Do any of these statements ring true for you?
- Your business has grown
- There's a lot of repetition going on
- Mistakes are made when following processes (or not following them properly)
- Your business seems less efficient now as you add new processes
- You've got lots of new software each trying to do different jobs
- Your last software or process audit was way back when you had time in your life!
In this article, we'll delve into what to watch out for with each of the above points and how to determine if better software could help solve the problem.
Your business has grown
When you first start, you can keep a lot of knowledge on paper, spreadsheets or other single-user tools. You might have built a spreadsheet that does quotations for you. Once you start hiring other people to do that work, you might find that they all use different versions of the spreadsheet and make their own changes, so you lose the consistency that you once had. Or your knowledge gets lost in single-user silos - one tool for one person and something else for another member of your team.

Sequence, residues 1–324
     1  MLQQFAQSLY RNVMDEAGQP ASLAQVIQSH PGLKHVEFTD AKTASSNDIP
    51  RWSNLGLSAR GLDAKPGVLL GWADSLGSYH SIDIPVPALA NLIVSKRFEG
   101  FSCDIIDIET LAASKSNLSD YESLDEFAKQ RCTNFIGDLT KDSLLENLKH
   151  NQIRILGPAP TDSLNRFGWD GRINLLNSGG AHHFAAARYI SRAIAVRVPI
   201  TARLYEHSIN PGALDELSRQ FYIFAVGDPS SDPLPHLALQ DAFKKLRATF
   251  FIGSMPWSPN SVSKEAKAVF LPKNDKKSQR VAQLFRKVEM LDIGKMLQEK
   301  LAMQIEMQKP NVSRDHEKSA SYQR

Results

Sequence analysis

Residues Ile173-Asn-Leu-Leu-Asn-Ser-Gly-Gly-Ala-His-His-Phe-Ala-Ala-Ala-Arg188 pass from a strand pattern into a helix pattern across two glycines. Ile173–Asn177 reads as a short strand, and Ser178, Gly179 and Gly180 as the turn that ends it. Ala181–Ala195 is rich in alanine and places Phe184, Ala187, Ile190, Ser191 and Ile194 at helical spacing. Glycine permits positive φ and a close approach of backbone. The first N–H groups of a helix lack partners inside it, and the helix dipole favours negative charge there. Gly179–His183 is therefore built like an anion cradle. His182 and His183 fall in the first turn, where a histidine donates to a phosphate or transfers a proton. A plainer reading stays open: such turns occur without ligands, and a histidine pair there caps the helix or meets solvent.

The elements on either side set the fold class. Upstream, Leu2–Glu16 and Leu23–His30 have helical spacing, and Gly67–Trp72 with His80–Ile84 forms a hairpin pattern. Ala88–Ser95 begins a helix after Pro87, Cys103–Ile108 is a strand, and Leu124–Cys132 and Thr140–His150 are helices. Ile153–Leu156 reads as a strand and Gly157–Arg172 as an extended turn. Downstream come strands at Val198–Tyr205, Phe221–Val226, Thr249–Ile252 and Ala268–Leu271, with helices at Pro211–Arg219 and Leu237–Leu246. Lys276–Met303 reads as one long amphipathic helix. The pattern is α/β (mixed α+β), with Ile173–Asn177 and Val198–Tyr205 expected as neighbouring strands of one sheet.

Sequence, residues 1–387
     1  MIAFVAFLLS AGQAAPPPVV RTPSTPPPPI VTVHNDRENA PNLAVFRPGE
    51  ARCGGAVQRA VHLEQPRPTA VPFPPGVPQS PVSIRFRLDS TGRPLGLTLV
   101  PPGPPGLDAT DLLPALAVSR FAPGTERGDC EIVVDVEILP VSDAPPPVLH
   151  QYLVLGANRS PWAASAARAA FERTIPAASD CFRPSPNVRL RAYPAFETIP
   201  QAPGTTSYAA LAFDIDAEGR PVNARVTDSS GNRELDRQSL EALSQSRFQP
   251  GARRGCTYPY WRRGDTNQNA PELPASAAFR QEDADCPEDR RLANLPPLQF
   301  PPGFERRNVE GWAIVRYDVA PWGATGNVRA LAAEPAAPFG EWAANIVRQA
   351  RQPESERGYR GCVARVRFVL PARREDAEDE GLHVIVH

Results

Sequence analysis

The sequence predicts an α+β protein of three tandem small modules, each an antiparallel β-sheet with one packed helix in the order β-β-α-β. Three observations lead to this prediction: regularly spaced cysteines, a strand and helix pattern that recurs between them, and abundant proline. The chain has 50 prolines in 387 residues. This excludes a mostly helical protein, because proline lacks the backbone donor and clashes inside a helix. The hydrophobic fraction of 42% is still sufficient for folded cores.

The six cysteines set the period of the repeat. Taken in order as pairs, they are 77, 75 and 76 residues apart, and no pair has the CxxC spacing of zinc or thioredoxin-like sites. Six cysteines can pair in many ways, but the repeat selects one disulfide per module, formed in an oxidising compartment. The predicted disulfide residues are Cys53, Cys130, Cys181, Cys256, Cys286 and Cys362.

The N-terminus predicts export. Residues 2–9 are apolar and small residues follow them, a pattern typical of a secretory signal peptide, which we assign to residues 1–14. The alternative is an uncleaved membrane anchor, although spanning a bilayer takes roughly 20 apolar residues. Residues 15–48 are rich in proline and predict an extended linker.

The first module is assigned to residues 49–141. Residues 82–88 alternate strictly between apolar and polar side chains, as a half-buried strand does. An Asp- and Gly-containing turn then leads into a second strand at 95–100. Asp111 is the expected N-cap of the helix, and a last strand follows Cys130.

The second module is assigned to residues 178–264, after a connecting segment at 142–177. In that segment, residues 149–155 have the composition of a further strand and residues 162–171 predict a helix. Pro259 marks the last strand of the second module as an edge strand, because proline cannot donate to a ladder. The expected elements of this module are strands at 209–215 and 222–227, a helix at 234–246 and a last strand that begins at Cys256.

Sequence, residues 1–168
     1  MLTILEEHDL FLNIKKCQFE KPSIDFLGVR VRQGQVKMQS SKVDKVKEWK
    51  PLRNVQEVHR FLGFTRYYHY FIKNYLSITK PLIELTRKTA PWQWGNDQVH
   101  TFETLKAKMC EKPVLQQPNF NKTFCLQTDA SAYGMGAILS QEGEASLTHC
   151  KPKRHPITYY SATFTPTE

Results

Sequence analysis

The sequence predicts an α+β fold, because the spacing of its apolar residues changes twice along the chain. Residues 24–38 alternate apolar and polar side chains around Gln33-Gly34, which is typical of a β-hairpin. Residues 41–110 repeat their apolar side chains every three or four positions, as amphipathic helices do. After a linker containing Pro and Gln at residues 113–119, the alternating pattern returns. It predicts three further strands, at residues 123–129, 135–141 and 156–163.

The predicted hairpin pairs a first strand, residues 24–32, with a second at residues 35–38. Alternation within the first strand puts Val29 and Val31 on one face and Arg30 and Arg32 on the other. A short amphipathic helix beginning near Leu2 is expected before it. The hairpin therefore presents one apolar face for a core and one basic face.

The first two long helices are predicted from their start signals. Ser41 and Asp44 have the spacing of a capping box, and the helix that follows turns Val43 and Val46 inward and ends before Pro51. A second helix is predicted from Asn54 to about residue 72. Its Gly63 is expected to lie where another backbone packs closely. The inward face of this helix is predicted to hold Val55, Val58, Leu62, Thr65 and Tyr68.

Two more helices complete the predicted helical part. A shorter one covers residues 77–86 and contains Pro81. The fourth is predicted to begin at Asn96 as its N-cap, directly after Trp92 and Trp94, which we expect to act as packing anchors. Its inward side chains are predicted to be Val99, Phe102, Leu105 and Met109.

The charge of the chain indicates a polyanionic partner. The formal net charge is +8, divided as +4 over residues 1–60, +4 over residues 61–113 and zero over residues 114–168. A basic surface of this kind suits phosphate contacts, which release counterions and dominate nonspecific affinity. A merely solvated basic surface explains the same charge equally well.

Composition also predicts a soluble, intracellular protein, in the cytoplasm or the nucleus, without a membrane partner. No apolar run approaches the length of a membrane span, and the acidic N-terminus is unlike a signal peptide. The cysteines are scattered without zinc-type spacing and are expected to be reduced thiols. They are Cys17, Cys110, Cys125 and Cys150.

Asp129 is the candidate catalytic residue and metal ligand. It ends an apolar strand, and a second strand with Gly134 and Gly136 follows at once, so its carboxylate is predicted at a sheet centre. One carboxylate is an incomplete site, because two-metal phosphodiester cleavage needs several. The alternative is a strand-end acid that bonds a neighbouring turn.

All this adds up to more mistakes being made. And as new people come on board there is an ever growing list of tools to learn and places to find things. If you find yourself in this position (or better yet, recognise that time is looming ever nearer), it might be a good opportunity to spend some time streamlining processes and systems down to a more manageable and usable set of tools. Some of those tasks that people do could perhaps be automated, and that leads me nicely on to the next area to focus on.